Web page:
Learn everything about Chateau de Candale St. Emilion with wine tasting notes, wine and food pairing tips, best vintages, a history of the property and information on the vineyards and winemaking. If you want to read about other important, Bordeaux Chateaux: Links to all Bordeaux Wine Producer Profiles
Chateau de Candale History, Overview
Chateau de Candale has been an estate in St. Emilion for centuries. The estate takes its name from the original founder of the property, Lady Margaret de Suddolk Kandall. The name was eventually shortened, and a phonetic spelling was chosen. Still, it is nice to be remembered.
The modern era for Chateau de Candale begins for the estate when the vineyard was purchased by Jean Louis Vicard in 2010 from the Adams family. Stephen Adams and Denise Adams still own the neighboring Saint Emilion estate, Chateau Fonplegade.
Jean Louis Vicard was already familiar with the Bordeaux wine trade as he was one of the more successful coopers, producing barrels in the Cognac region at his family company, Cooperage Vicard, that was founded all the way back in 1875.
One of the first decisions made by Jean Louis Vicard was to bring in the team of Stephane Derenoncourt to consult on the wine making and vineyard management for Chateau de Candale.
Since the estate was first purchased, Jean Louis Vicard has increased the size of the estate from 11 hectares to its current 13 hectare size. In January, 2017, Chateau de Candale was purchased by Thibaut Decoster and Magali Decoster who also own and manage 2 additional Bordeaux vineyards in Saint Emilion, Clos des Jacobins and Chateau La Commanderie.
Chateau de Candale Vineyards, Terroir, Grapes, Winemaking
The terroir is clay and limestone soils and can be divided into 32 separate parcels. The vineyard is planted to a vine density of 6,000 vines per hectare. On average, the vines are kept at 30 years of age. Vineyard farming practices are self sustaining.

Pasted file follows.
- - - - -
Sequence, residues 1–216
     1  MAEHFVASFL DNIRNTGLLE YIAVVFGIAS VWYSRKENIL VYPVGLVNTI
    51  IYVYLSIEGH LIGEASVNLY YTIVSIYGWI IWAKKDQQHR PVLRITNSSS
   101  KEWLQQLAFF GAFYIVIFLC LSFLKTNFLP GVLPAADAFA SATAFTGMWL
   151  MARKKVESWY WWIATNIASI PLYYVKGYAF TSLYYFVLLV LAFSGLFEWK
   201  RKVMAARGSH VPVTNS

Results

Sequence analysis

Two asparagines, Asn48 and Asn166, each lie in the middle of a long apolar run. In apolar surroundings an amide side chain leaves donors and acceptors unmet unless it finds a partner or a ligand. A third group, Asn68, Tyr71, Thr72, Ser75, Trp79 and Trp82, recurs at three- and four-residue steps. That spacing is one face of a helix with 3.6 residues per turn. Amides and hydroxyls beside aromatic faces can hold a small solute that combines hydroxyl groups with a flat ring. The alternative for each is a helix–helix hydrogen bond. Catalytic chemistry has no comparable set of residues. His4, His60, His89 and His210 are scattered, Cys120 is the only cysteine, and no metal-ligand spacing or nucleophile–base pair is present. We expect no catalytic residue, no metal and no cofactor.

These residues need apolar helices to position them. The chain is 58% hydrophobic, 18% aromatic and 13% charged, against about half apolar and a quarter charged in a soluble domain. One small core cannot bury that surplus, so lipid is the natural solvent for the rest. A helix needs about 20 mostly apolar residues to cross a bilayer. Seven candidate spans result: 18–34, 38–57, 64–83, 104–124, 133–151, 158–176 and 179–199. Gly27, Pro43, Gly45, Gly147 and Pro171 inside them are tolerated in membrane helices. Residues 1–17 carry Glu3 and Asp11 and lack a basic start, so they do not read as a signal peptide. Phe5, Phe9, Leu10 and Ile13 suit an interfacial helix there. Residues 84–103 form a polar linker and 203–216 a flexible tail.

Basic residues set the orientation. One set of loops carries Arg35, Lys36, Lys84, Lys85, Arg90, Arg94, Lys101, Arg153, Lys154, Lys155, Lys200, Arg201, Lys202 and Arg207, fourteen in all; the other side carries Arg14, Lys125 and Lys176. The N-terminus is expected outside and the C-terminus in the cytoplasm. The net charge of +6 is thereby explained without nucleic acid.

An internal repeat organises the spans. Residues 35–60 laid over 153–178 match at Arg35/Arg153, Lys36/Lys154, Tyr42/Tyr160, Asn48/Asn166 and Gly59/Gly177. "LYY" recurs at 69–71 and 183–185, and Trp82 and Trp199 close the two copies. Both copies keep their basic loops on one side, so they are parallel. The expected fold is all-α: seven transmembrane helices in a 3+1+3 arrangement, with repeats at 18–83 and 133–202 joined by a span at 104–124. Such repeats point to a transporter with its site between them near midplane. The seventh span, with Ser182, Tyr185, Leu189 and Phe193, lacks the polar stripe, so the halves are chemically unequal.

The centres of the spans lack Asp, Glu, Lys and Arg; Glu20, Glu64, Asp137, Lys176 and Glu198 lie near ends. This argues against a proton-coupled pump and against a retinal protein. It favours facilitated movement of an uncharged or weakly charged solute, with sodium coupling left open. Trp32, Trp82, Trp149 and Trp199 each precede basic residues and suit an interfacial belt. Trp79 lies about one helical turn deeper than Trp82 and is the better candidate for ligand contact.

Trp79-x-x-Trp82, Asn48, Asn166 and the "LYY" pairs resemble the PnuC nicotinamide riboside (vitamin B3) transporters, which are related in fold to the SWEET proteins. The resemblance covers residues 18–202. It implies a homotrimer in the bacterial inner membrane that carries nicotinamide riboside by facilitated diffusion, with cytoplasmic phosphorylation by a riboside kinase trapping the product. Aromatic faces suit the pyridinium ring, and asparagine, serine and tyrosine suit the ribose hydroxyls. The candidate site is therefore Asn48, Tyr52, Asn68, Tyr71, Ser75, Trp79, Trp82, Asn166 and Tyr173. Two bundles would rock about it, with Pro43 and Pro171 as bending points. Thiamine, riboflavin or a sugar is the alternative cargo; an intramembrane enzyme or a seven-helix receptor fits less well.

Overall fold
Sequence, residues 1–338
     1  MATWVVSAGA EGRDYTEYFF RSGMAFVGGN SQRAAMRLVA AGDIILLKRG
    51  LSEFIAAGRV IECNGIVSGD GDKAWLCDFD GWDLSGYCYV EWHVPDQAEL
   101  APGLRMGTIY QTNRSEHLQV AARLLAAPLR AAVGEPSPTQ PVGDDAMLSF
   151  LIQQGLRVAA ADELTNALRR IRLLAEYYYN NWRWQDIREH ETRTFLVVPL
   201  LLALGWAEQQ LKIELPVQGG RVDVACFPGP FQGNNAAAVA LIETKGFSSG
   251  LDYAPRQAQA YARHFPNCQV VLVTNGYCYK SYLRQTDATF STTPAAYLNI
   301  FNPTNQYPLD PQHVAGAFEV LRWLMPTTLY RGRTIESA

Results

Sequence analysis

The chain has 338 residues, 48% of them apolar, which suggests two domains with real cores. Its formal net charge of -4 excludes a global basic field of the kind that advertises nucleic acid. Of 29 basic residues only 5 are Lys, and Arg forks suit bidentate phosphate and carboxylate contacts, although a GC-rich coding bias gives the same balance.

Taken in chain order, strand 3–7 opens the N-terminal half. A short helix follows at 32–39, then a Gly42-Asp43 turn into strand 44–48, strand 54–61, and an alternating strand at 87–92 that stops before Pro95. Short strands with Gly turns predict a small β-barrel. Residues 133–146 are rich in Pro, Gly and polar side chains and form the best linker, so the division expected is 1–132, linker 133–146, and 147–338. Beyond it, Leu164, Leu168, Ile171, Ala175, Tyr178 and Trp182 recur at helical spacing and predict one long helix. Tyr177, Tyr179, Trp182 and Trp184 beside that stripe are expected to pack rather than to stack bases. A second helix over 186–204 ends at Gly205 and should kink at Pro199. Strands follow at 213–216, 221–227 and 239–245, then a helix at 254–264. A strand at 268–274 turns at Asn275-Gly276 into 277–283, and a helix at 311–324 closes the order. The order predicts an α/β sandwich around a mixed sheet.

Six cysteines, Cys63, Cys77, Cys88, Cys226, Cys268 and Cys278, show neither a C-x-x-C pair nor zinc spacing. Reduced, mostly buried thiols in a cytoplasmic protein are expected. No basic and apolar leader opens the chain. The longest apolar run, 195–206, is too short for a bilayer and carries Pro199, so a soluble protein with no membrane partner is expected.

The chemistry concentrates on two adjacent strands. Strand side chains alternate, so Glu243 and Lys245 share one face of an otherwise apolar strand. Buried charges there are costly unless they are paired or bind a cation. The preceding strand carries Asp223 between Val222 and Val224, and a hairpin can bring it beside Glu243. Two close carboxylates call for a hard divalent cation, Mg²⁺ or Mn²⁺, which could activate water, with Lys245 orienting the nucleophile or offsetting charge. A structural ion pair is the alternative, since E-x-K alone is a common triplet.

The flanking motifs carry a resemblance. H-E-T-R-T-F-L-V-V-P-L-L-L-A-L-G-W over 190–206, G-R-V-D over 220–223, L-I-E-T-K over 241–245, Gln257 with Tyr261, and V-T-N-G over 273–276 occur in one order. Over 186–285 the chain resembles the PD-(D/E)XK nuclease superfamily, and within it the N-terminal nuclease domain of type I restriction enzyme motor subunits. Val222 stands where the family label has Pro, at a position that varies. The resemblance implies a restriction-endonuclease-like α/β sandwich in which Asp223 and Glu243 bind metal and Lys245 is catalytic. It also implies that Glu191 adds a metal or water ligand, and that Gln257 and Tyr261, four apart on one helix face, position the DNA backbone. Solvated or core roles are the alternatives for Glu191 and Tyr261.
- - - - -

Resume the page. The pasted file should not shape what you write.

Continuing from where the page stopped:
To produce the wine of Chateau de Candale, the whole berry grapes are vinified in open top, conical shaped wood vats. Malolactic fermentation takes place in stainless steel tanks. The wine is aged in an average of 40% new, French oak barrels for between 12 to 18 months before bottling. As you might expect, the barrels were made by the owner, Jean Louis Vicard.
There is a second wine, Roc de Candale. On average, the production is close to 4,200 case of wine per year of Chateau de Candale.
When to Drink Chateau Candale, Anticipated Maturity, Decanting Time
Chateau Candale is usually better with 3-4 years of bottle age. Of course that can vary slightly, depending on the vintage. Chateau Candale is best enjoyed in the first 3-12 years of life.
Young vintages can be decanted for up to 1 hour or so. This allows the wine to soften and open its perfume. Older vintages might need very little decanting, just enough to remove the sediment.
Serving Chateau de Candale with Wine and Food Pairings
Chateau de Candale is best served at 15.5 degrees Celsius, 60 degrees Fahrenheit. The cool, almost cellar temperature gives the wine more freshness and lift. Chateau de Candale is best paired with all types of classic meat dishes, veal, pork, beef, lamb, duck, game, roast chicken, roasted, braised and grilled dishes.
Chateau Candale is also good when matched with with Asian dishes, rich fish courses like tuna, mushrooms and pasta.
Aside from making wine, Chateau de Candale has earned a good reputation with local residents for their restaurant, L’Atelier de Candale, which offers a charming outdoor, wine country setting in Bordeaux.
Château de Candale Wine Tasting Notes
3 Vintages 3160 Views Sort by Vintage-Rating
|2016||Château de Candale (St. Émilion Grand Cru)|
Refined elegance with juicy ripe plum, licorice, black cherry and smoke, this medium/full-bodied wine has soft, polished tannins and a fine, fruity finish.
Apr 29, 2017points - Tasted 848 Views
|2015||Château de Candale (St. Émilion Grand Cru)|
A forward and dapper charmer with supple textures, soft, round and fruity with a nice blast of licorice, black cherry and espresso in the finish.
Apr 29, 2016points - Tasted 904 Views
|2009||Château de Candale (St. Émilion Grand Cru)|
Forward, soft, round and fruity, with a nice blast of licorice, black cherry and oak in the finish.
Sep 14, 2015points - Tasted 1408 Views